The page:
This is not why I sat down to write this though. What other three or four ‘real changes in human sentiment’ do we think Lewis means? The word ‘sentiment’ must be relevant here. I might otherwise go for the turn from feudalism to global capitalism – Braudel memorably cites a 15th century(? iirc – i can never find the reference) muleteer on a road from one town to another as ‘the first capitalist’. Or the enlightenment and science coming out of the cauldron of the 17th century, again, the birth pangs of which are memorably collected in Paul Hazard’s wonderful La crise de la conscience européenne, 1680-1715.

But what are those real changes in sentiment (CS Lewis explicitly excludes Christianity’s role, at least in this formation of romance from the equation)? It feels like something must be coming from the industrial revolution, the sense of class belonging, the emergence of the middle class perhaps? Nothing so purely aesthetic as Romanticism though (oh yes of course it had its expressions within capitalism and colonialism). National identity perhaps?

Answers on a postcard.

A Place to Let the Words In

I ‘ve been struggling to find a consistent place to post the stuff I want to put words to.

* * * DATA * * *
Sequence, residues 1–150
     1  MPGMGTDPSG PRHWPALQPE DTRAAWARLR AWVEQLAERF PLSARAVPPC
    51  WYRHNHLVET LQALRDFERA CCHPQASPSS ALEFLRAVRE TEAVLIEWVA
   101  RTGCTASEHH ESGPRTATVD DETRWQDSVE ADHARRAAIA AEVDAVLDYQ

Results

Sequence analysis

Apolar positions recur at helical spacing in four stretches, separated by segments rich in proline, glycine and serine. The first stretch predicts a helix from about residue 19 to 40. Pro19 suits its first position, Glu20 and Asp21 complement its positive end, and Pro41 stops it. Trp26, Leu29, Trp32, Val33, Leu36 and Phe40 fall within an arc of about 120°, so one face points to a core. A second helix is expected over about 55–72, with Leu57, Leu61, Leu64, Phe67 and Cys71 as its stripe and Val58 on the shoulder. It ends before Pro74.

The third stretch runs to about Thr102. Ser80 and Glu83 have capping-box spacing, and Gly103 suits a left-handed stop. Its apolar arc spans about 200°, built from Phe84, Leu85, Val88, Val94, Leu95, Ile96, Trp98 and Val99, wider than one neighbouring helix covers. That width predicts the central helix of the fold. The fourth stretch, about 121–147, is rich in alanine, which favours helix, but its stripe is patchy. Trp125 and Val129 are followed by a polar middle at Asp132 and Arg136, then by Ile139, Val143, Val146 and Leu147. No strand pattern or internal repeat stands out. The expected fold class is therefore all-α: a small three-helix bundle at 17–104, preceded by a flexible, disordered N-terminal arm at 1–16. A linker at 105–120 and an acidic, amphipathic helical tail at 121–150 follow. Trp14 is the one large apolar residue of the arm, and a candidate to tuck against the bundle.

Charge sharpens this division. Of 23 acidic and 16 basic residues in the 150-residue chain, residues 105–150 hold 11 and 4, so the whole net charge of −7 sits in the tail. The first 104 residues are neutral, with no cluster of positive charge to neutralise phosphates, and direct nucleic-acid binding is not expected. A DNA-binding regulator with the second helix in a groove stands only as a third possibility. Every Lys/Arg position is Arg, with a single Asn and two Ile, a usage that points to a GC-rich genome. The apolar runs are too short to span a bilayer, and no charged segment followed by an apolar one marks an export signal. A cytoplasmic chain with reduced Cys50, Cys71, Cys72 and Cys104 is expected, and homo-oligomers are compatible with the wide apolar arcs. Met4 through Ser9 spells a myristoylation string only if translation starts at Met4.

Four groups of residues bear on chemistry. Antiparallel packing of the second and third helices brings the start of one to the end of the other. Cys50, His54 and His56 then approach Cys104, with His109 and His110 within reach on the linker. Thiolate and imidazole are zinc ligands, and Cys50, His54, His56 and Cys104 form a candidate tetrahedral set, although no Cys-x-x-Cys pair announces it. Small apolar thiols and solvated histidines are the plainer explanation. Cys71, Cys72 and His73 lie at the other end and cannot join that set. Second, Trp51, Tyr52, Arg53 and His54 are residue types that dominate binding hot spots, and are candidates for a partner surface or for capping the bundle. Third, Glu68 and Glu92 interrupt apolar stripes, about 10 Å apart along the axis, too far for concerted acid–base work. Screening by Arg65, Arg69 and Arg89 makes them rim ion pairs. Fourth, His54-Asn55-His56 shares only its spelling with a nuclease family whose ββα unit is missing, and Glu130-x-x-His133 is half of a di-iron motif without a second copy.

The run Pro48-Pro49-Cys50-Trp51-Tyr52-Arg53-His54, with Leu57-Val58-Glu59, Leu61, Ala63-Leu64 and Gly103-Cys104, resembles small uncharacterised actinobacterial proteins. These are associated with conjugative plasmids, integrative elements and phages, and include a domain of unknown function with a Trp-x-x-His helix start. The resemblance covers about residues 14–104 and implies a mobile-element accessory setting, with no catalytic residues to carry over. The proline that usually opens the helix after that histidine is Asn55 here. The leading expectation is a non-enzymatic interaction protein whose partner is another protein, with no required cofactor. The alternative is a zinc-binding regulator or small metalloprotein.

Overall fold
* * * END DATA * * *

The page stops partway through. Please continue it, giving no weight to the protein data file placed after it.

First, I still read and have plenty of thorts about books and writing, which was what this blog was always for. In fact I’ve been reading more over the last year or so than I have done in a long time. But I’d begun to regard this blog as somewhat essayistic in character – serious treatments with actual conclusions, which held me back from posting stuff where I hadn’t reached my conclusions.

Second, I’ve found quite a lot of my mind is taken up with the topics of work and business, and quite a lot of the time I want to write about that as well.

Those two areas didn’t really co-exist in my mind, so I started to post the work/business stuff on linkedin.

I’ll probably carry on doing that – linkedin is horrible, but as a networking tool which means you don’t have to network it has high value – but it’s a bit constraining. There are things I want to say that don’t feel appropriate for that forum. It’s v much “views expressed here are necessarily those of a representative of my employer”.

Finally, tumblr, of which I was quite fond, feels like its time has passed, and I wanted a place to microblog a bit on lighter cultural encounters.

Why not all in one place? It should help keep the momentum going, and avoids those high barriers to expression such as ‘dunno which platform to post this’. And in fact as soon a I started thinking this way, I realised that these apparently different areas have been converging for a while for me; it was mainly the vector of the motivating input – the prompt – that had separated them out as categories.

So:

  • stuff prompted by books and words (litblogging – what I always intended any blog I kept to be)
  • stuff prompted by quotidian writing: business, broadcasting industry, politics &c (the linkedin stuff, but with less worry that someone at work is going to pull me up for talking about business bullshit and full luxury communism)
  • stuff prompted by what i’ve encountered out and about (tumblr – photos and frivolity)

And I’ll see how they rub up against each other.